Dec 2, 2012 - By Katie Roenigk, Staff WriterFremont County's rural high school football teams got more radio coverage this year with help from students in John Gabrielsen's sports survey class at Central Wyoming College.
CWC's young radio broadcasters have covered college volleyball and basketball events for the past several years, but Gabrielsen said experience calling football games is important as well, especially for students looking to work in the field.
"Volleyball there's not a huge calling for," Gabrielsen said. "Traditionally your sports you do are football, basketball and baseball. So we decided let's get some football games done here."
Students covered football for Shoshoni, Wind River and Wyoming Indian high schools, including Shoshoni's game against Cokeville and an out-of-county event between Burlington and Upton-Sundance. Sophomore Jordan McKamey of Worland said he appreciated the opportunity to cover football, which he finds less fast-paced than the basketball and volleyball games he called last year.
"In those sports there's constantly action, so you're constantly calling something," McKamey said. "With football you have to have more filler and extra details."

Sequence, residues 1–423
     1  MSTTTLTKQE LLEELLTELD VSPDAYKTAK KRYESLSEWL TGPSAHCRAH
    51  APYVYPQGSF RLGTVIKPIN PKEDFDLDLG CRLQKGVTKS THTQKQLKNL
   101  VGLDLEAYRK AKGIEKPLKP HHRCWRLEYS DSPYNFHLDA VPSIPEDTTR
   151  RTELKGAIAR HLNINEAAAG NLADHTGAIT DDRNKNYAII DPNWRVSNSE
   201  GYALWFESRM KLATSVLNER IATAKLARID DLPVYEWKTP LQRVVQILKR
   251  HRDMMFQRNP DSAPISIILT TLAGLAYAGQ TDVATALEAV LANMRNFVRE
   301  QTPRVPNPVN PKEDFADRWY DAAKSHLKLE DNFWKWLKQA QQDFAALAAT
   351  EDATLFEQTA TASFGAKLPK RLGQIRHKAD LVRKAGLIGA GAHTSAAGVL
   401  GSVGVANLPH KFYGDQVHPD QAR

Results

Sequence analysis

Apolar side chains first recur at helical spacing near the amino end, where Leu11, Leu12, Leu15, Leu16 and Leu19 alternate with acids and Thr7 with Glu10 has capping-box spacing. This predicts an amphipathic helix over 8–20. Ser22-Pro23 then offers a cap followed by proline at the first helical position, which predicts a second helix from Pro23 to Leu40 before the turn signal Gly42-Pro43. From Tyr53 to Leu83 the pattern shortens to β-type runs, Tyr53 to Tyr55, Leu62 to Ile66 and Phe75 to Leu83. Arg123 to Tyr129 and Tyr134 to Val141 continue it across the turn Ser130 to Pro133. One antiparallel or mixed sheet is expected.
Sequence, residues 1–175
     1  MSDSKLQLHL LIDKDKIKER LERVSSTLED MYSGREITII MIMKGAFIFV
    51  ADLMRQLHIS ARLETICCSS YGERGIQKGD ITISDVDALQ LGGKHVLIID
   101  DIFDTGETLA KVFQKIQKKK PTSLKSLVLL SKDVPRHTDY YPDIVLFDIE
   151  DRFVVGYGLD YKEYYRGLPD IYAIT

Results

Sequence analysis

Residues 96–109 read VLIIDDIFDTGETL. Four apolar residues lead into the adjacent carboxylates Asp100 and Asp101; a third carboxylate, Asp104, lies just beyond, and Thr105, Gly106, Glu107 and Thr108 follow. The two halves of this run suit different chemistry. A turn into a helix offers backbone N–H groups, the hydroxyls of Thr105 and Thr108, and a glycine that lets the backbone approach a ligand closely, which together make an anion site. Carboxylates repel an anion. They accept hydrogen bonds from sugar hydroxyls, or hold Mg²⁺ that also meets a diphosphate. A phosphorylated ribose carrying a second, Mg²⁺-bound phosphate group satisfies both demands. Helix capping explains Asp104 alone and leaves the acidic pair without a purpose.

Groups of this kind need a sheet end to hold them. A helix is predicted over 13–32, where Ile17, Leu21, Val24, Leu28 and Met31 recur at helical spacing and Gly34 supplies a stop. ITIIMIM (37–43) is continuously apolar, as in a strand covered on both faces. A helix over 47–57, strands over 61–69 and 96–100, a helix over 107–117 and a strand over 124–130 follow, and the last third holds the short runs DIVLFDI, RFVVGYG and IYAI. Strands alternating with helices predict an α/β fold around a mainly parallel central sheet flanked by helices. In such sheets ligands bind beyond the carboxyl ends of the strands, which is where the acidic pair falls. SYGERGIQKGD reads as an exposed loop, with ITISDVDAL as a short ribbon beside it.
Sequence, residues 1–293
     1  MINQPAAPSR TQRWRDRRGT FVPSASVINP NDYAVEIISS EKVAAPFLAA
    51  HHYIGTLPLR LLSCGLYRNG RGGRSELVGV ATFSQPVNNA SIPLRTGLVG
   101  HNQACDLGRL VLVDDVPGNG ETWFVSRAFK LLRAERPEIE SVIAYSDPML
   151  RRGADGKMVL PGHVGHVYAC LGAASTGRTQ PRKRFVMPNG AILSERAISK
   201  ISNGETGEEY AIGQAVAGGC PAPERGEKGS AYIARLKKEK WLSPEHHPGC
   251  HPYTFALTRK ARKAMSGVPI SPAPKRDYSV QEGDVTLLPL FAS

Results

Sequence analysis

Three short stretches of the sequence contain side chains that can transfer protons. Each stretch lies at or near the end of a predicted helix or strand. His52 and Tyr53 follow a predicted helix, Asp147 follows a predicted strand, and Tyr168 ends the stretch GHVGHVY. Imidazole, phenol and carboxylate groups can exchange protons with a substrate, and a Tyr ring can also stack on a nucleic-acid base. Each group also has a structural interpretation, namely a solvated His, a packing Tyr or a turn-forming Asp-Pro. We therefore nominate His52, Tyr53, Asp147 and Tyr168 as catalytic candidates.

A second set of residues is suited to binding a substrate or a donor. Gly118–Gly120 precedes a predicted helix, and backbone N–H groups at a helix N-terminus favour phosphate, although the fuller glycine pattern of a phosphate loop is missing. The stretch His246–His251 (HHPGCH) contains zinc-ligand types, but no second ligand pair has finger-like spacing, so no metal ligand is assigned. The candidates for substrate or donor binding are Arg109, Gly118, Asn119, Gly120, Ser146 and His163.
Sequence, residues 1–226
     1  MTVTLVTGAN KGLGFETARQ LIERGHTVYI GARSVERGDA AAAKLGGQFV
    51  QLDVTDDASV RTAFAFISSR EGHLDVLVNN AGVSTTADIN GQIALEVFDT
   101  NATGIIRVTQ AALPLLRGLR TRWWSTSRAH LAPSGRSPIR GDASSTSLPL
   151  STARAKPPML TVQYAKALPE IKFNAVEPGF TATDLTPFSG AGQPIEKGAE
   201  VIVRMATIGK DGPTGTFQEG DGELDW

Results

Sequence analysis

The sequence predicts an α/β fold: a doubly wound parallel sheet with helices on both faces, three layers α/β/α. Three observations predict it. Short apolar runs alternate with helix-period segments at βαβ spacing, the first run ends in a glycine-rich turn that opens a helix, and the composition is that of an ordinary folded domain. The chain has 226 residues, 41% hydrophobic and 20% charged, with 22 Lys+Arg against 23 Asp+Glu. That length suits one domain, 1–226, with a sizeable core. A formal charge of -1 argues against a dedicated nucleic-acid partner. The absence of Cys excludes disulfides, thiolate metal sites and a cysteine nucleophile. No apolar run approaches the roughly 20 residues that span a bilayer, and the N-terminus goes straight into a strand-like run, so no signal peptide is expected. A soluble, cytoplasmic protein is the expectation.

He said Gabrielsen helped the students fill the empty air time by making sure they were equipped with statistics and background information for listeners.
"That's key to having a great broadcast -- being as prepared as you possibly can be," McKamey said.
He wanted to perform well for his audience, because McKamey said rural high school teams don't usually get radio coverage.
"Before they didn't have anybody to call those games, so they either had to be at (the games) or read about them in the paper," McKamey said. "People were grateful they got to hear their teams, especially people who couldn't make it to the games, age-wise or because of inconvenience. (It gave them) a chance to hear their kids play."
Though the audience was small, CWC freshman Josh Heninger said he was still nervous before his first Fremont County football broadcast. He covered the contests between Shoshoni and Cokeville, Wind River and Wyoming Indian, and Shoshoni and Saratoga.
"(For Shoshoni) almost the whole town that wasn't there was wanting to listen to the game," Heninger said. "I was pretty anxious."
He was glad to face his first-time fears so he could continue to perfect his live broadcasting skills.
"It's kind of intimidating coming into it (because) you don't really know exactly what you're doing," Heninger said. "But throwing you in there is kind of like saying, 'Get the pre-game jitters out quick and be able to go on from there.'"
Heninger said his first turn at the microphone was "really shaky," but he already had shown improvement by his second game.
"There are still some things I need to work on for sure, but overall the more broadcasts I do, the better I get at it," Heninger said. "I've come a long way."
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